Update, 9 p.m.: Alameda County health officials said in a statement that they may enforce the shelter-at-home orders sooner than the state requires if community spread worsens and ICU capacity begins to drop. The latest numbers put capacity at 33%, according to the county’s data on hospitalizations.
“Although Alameda County’s ICU capacity currently exceeds 15%, if this situation worsens, we may need to enact the State’s Stay-at-Home restrictions before the Bay Area region meets the threshold in order to protect ICU bed availability and save lives,” officials said.
Original story: Amid a dramatic surge of COVID-19 cases statewide, Gov. Gavin Newsom today announced a new set of shelter-in-place orders that will go into effect in Alameda County if ICU hospital capacity for the Bay Area drops below 15%, as is expected later this month.
The new guidelines divide the state into five regions based on mutual hospital aid: Northern California, Greater Sacramento, Bay Area — which includes Berkeley and Alameda County — San Joaquin Valley and Southern California.
The five regions in the new COVID-19 guidelines. Photo: State of California
The Bay Area is faring the best among the regions, which are all expected to drop below 15% early this month, but Newsom said local ICU capacity could fall below the limit in the Bay Area a few days after that. The following rules will be in place if that happens:
No gatherings with people outside of your household.
Bars, wineries, personal care services like hair salons and barbershops and playgrounds, will be closed.
Schools that have already opened can remain open, as well as critical infrastructure, retail at 20% capacity and restaurants for takeout and delivery.
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Regions will need to adhere to the restrictions for at least three weeks, at which point the state will look at community transmission and trend lines for the weeks ahead. If requirements are met and the restrictions are lifted, counties will return to their tier in the State COVID Blueprint.
The variance system that previously allowed Berkeley and Alameda County to impose less restrictive guidelines is no longer in effect, and the city and county will have to follow state rules and restrictions if they are enacted. The county and city do, however, have the ability to impose even stricter rules.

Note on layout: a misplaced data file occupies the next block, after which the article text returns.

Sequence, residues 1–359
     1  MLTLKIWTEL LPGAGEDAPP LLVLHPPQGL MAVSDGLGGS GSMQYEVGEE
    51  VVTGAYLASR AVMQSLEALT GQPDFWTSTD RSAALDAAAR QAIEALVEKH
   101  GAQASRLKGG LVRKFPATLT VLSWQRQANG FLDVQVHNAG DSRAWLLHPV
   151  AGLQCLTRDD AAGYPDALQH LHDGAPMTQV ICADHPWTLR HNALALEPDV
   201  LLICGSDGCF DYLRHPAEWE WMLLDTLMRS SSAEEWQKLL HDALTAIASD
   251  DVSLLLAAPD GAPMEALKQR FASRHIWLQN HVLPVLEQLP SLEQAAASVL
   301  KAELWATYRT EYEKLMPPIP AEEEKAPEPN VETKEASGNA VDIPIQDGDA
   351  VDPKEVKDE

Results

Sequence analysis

Newsom also announced Thursday that all non-essential travel will be restricted statewide during the ongoing surge.
“We do not anticipate having to do this once again, but we really all need to step up.” — Gov. Newsom
“There’s light at the end of the tunnel, we are a few months away from truly seeing real progress with the vaccines, real distribution, real accessibility, real availability,” Newsom said, calling the third wave the “final surge” of the pandemic.”We do not anticipate having to do this once again, but we really all need to step up.”
The state has prioritized administering over 320,000 doses of the vaccine in three tiers, which it expects to start receiving this month. This includes hospitals at prisons, health care workers and other vulnerable populations. Selected regions will begin placing orders for the vaccine on Friday, Newsom said.
On Nov. 19, the state passed a limited stay-at-home order that required non-essential businesses to close between 10 p.m. and 5 a.m. every day until Dec. 21. The new rules are in response to the highest case numbers in the state since the beginning of the pandemic, which average at nearly 15,000 cases a day.
The effects of the Thanksgiving holiday are not included in the current numbers. One month ago, there were 14 deaths a day in California. Now, the daily death rate has been in the range of 113 deaths a day in the state.
Numbers in Alameda County have also seen a spike, but a recent daily case records were at least partially due to a single outbreak at the Golden Gate Fields racetrack at the border of Albany and Berkeley. More than 200 workers contracted the virus there, and the track said over 95% of the cases were asymptomatic.
There are currently nine cases per 100,000 residents in Alameda County, which is adjusted for the amount of testing in the county, with an overall test positivity of 3.6%. Since the beginning of the pandemic, 520 people have died county-wide.
Hospitalizations have shot up in the last few weeks to 157, and 57 in the ICU, compared to a high of 213 hospitalized and 62 in the ICU in July. But hospitalizations have increased at a faster rate in the current surge. There are 85 available ICU beds in the county right now (part of the total regional availability), which is about 30% of its total.
Alameda County COVID-19 Hospitalization Number Dec. 3, 2020. Photo: Alameda County
Berkeley, which has its own health department, has a positivity of 1.13% and an average 10 cases per day in the last week. Deaths in the city have remained at nine.
On a Monday town hall with Mayor Jesse Arreguín, Berkeley Public Health Officer Dr. Lisa Hernandez said the outbreak at Golden Gate Fields contributed considerably to the city and county’s cases, but it’s not the sole reason for the surge. She attributed rising cases to gatherings inside homes, as well as a few cases at workplaces.
“We’re worse off than we were at the beginning of the pandemic; however, we know what works to flatten the curve,” Hernandez said, emphasizing the continued importance of social distancing, masking, reducing travel and avoiding gatherings.
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